Blakeney Point coastal walk to Lifeboat House
Blakeney National Nature Reserve, Morston, NorfolkRoute details and mapDownload as a print friendly PDF
This walk follows Blakeney Point’s 4 mile-long (6.4km) shingle spit to the sand dunes, near the Lifeboat House. It's home to a variety of unusual plants and is an internationally important breeding ground for sea bird colonies. Keep an eye out for both grey and common seals along the way.
- Bus stop
Start: Cley beach, Norfolk Wildlife Trust car park, grid ref: TG048453
From the car park walk onto the shingle ridge towards the sea and turn left. If the tide is out, you can walk along the beach, which is a slightly easier surface to walk. The shingle ridge, which begins at Weybourne, is 8 miles (12km) long. and has grown westwards over time, forming Blakeney Point spit. Vegetated shingle is a rare habitat, home to scarce plants such as horned sea poppy, sea pea and shrubby sea blight. Please give any fenced areas a wide berth to minimise disturbance to nesting birds.
Sandwich terns nest on the end of the Point; some years it's home to a third of the breeding UK population. In spring and summer, they can often be seen flying with sand eels in their bills. Common, arctic and little terns also breed here.
After 1.5 miles (2.4km) you reach the Watch House, also known as Halfway House. It was built in the 19th century as a look-out for smugglers, then used by the coastguard and later the Girl Guides Association. It's now rented out as basic holiday accommodation. From here, continue along the beach for another mile.
Ringed plovers, oystercatchers and little terns make their simple, camouflaged nests on the shingle beach, making them vulnerable to disturbance and trampling, so please be aware of birds breeding on the beach. We fence the larger concentrations but birds nest all over the shingle beaches and dunes. Please help by keeping away from the fenced areas.
At the start of the main dunes walk onto the top of the ridge and turn left, away from the sea, along a track towards the blue Lifeboat House, keeping the main dunes on your right.
Towards the end of the Point, large sand dunes have formed. They've been colonised by marram grass, a species of grass with long roots that help to secure the dunes. There are great views of the whole reserve from the top of the boardwalk that crosses the main dunes. Four species of sea lavender can be found on the reserve and in the summer it forms purple carpets on the saltmarsh. The rare habitats of saltmarsh, shingle and sand dune host an array of unusual plant species, such as sea heath and glasswort.
To the right of the Lifeboat House is a boardwalk that leads to the beach. Follow this through the dunes and continue out onto the beach. At low tide from point 5 on the map, you may be able to spot the seals on the tidal sands to your left. Beyond this Point there is no access to the west further along the beach, to afford protection to breeding terns and seals hauled-out on the beach.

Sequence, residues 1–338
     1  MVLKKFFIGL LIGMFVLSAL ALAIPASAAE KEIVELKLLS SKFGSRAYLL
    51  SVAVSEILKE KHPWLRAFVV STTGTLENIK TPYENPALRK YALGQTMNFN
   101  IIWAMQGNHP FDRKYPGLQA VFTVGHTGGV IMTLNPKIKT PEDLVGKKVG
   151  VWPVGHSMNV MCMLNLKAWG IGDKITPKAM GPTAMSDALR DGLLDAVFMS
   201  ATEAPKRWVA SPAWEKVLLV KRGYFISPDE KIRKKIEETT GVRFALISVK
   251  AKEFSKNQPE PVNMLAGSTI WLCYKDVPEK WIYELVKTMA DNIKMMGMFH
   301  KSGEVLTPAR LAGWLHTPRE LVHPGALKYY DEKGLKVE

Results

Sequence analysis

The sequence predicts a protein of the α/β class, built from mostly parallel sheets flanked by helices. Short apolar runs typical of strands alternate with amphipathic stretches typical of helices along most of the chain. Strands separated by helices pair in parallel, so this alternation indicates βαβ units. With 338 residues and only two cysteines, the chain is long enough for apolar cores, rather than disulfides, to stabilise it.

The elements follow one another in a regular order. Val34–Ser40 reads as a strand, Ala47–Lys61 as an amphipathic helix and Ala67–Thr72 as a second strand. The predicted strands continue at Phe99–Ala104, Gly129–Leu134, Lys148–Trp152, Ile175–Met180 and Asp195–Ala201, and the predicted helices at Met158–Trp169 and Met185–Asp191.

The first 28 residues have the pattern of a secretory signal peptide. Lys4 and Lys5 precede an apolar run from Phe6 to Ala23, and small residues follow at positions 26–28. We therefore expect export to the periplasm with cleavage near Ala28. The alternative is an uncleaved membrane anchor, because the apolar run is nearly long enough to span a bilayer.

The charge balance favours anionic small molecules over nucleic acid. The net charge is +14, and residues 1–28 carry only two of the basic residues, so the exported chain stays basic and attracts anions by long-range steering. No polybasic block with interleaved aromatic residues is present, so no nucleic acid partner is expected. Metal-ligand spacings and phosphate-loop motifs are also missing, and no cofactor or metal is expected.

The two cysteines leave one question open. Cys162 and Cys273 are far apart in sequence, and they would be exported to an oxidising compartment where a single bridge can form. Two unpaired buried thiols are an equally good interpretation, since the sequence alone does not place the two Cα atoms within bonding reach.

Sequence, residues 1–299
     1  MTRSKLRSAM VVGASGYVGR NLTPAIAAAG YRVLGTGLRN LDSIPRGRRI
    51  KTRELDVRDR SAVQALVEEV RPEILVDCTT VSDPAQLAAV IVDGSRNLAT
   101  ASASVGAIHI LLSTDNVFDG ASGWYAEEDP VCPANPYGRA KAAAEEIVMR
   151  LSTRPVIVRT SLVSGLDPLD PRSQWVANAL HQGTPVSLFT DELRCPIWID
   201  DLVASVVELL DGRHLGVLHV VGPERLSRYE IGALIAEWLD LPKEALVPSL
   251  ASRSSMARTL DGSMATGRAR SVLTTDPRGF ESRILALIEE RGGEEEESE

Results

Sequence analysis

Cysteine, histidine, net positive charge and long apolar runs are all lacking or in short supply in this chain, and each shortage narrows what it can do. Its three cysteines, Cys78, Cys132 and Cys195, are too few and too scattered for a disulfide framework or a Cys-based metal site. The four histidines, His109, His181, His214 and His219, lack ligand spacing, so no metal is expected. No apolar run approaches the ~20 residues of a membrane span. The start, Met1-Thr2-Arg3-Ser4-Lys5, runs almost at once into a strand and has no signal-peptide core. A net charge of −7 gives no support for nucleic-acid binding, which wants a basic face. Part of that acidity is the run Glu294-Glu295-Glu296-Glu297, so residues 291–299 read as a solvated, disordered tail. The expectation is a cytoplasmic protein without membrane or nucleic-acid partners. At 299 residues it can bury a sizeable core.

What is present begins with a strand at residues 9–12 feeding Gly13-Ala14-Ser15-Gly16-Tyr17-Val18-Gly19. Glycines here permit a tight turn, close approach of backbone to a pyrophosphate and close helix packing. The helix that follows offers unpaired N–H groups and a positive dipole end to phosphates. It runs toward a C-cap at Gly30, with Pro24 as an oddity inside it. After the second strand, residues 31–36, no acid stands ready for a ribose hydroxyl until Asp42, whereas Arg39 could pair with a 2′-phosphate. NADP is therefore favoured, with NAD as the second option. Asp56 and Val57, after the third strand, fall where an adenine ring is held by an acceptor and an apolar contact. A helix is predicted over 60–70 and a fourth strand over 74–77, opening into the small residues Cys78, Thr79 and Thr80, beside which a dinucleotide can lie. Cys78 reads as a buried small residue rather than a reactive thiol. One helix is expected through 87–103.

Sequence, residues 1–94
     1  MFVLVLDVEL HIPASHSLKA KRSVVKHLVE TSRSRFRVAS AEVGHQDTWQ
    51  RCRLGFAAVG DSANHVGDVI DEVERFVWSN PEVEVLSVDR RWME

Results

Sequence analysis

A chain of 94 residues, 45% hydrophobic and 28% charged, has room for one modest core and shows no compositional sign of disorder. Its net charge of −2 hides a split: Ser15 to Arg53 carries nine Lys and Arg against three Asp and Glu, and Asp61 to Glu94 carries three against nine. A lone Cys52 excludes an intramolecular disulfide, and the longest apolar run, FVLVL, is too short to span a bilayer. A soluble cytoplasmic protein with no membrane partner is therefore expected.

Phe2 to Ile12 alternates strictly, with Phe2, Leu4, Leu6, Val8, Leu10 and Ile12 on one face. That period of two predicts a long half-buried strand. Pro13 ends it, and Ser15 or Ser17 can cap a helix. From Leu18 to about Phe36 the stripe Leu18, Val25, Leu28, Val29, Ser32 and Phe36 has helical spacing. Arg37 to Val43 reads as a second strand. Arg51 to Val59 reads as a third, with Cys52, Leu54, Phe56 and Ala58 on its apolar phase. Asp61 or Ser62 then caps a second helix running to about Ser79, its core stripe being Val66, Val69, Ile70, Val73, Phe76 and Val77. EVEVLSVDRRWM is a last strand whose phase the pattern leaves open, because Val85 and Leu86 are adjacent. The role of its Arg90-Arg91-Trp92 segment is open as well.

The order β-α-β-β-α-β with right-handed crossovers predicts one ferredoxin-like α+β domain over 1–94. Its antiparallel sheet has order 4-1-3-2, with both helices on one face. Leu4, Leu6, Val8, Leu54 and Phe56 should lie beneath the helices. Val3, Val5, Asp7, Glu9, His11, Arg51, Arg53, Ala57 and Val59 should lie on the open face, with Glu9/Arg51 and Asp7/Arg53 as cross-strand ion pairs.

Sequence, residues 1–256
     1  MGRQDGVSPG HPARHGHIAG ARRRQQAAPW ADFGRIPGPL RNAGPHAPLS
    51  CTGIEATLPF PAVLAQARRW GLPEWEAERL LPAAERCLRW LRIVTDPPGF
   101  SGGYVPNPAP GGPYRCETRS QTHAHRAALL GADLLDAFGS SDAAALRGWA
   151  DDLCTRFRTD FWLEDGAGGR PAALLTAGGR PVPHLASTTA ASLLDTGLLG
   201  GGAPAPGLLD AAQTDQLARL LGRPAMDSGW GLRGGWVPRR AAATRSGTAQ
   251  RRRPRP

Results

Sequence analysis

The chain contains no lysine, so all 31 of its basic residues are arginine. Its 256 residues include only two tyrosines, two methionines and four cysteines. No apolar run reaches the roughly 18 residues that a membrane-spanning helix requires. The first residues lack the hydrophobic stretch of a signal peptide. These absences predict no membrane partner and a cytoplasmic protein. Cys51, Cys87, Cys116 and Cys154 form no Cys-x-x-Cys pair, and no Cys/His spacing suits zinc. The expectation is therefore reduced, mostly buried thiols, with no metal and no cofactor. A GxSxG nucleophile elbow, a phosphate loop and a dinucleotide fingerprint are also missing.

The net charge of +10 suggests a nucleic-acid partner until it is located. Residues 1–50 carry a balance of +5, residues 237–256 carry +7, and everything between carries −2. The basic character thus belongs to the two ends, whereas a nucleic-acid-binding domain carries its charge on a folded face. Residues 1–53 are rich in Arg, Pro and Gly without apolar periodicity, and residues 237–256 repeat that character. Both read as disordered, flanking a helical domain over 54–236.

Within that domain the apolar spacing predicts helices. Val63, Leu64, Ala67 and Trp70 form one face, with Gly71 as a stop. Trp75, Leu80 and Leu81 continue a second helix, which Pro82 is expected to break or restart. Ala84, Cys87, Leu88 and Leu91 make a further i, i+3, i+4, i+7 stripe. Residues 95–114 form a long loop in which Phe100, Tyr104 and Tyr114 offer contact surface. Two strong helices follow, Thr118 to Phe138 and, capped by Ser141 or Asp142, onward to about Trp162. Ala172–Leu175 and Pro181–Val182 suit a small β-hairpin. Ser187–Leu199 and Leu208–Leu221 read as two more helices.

The iconic blue lifeboat house was built in 1898, and used for the purpose until 1924. It is now a visitor centre and also where the ranger team who look after the wildlife, live for a large part of the year. The building was refurbished in 2013, including installing former features such as the ramp, veranda and large doors. It was then subject to flooding associated with the tidal surge of 5 December 2013, where the flood level can be seen on the adjacent black Old Lifeboat House, a University College London laboratory.
From here, turn right and walk along the beach, with the sea on your left, returning all the way to Cley beach car park.
Common and grey seals can be seen bobbing in the sea or hauled out on the sands at low tide. During the spring and summer seals can only be viewed on the sands at the western end of the Point at low tide. Grey seal numbers on the Point increase in late autumn, which is the start of their breeding season. Common seals have their pups in the summer, although few pups are born at Blakeney, large numbers of adults are usually present in the summer.
End: Cley beach, Norfolk Wildlife Trust car park, grid ref: TG048453
In partnership with
- Trail: Walking
- Grade: Moderate
- Distance: 7 miles (11kms)
- Time: 3 hours
- OS Map: Landranger 133; Explorer 251
Much of the route is on soft shingle, which can be difficult to walk on. Not suitable for pushchairs. This route is possible at all states of the tide, except during extreme weather, but is an easier walk at low tide. Important areas for breeding birds and seals are fenced off and access is restricted, which includes the western end of the Point. Please follow the on-site signage. Due to the presence of ground-nesting birds, dogs are not permitted on this route from April to mid-August. For the rest of the year dogs are welcome on a lead or under close control.
- How to get here:
By foot: Coastal path runs 45 miles from Hunstanton to Cromer, passing Cley beach
By Bike: Norfolk Coast Cycleway (National Cycle Route 30) runs along quiet lanes from King’s Lynn to Cromer; it's a short detour to Cley beach
By bus: Norfolk Coasthopper, Sheringham to Hunstanton. Bus stops at top of Beach Road, Cley - it's a 1 mile (1.6km) walk along Beach Road to Cley
By train: Sheringham 8 miles (12km) east of Cley, then take Coasthopper bus to Cley
By car: A149 King’s Lynn to Cromer coast road; Cley beach car park is signposted ‘Beach’ from A149 on edge of Cley village
By boat/ferry: Seal trips run daily at high tide from Morston Quay and often land on Blakeney Point near the Lifeboat House for an hour
- Parking : Norfolk Wildlife Trust car park at Cley Beach.
- WC's : Toilets are available next to the Lifeboat House (open April to September).
- Food and drink : Nothing available on this route.
- Contact us